Evidence that chocolate and other products that contain cocoa can help to reduce high blood pressure is not strong enough to warrant an official health claim in the US, according to a team of Canadian researchers.
A number of studies in recent years have concluded that compounds found in cocoa known as flavanols can lower blood pressure. Cocoa is one of the richest known sources of flavanols, a major class of plant phytochemicals known as flavonoids. The chocolate and cocoa industries also claim that their products have health benefits, in order to build reputation and meet the demand of health-conscious consumers.
In 2012 the European Food Safety Authority (EFSA) approved a claim that a daily 200mg of cocoa flavanols help maintain endothelium dependent vasodilation which contributes to normal blood flow (EFSA, 2012), but no health claim exists in the US.
Three types of claims exist in the US: health claims, nutrient content claims, and structure/function claims. Health claims, which are the focus of the Canadian review, describe a relationship between a food substance and a disease or a health-related condition (US FDA, 2018). Under the Nutrition Labeling and Education Act of 1990, the FDA may authorize health claims if there is significant scientific agreement (SSA) among qualified experts that a substance and disease relationship is valid.
Under the Food and Drug Administration Modernization Act of 1997, a new health claim can be authorized if other scientific bodies of the US government conclude that the evidence meets the SSA standard. In contrast to authorized health claims, qualified health claims are issued if they are supported by credible evidence but do not meet SSA standard. Qualified health claims are also issued with a letter of enforcement discretion, which specifies qualifying languages that reflect the level of evidence supporting the claim, as well as conditions where the qualified health claim can be used (US FDA, 2018). All health claims require pre-approval by the FDA.
In a paper published in Trends in Food Science and Technology, researchers concluded that the evidence that flavanols can lower blood pressures is weaker than has been claimed.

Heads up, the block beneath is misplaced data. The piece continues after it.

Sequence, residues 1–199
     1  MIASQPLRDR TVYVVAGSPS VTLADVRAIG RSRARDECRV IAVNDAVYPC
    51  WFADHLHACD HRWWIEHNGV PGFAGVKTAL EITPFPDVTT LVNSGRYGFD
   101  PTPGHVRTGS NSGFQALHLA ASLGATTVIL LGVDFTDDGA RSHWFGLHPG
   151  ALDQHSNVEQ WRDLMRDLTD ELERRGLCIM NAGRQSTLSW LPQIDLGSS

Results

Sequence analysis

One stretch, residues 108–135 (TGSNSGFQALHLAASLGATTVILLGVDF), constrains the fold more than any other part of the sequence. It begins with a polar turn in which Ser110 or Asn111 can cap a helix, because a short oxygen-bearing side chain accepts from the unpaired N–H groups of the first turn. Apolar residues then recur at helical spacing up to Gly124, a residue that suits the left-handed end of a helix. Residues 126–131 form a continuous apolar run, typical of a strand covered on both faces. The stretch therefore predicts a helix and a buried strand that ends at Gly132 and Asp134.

Authors Yidi Wanga, Bradley Felthama, Miyoung Suha and Peter Jones, who work at the Department of Food and Human Nutritional Sciences at University of Manitoba, Division of Neurodegenerative Disorders, Canadian Centre for Agri-Food Research in Health and Medicine and Richardson Centre for Functional Foods and Nutraceuticals at University of Manitoba, noted that the main mechanism by which cocoa flavanols reduce BP is increasing nitric oxide.
“With a high prevalence of hypertension in the North America, a health claim petition on cocoa flavanols may be considered within the US framework, in order to allow people to make better food choices,” they said. “The objective of this review was to evaluate whether there is sufficient evidence to support a blood pressure-lowering health claim for cocoa flavanols under the US Food and Drug Administration’s (FDA’s) jurisdiction.”
Seventeen human intervention studies examining the effect of cocoa flavanols on blood pressure were identified, with nine studies in normotensive participants, and eight studies in hypertensive participants. All studies were assessed for methodological quality based on the outline provided by the FDA.
Among the key findings and conclusions of the Canadian study were that nine out of the 17 studies reported a blood pressure-lowering effect of cocoa flavanols. “This indicates the evidence of cocoa flavanols on blood pressure reduction was conflicting,” they said. “Only a few studies presented as high quality. The optimal dose of cocoa flavanols and long-term effect of cocoa flavanols on blood pressure remain to be clarified.
“Therefore, within the US health claims system, an authorised health claim should not be passed, but a qualified health claim that is supported by low evidence may be attributed to cocoa flavanols and BP reduction.”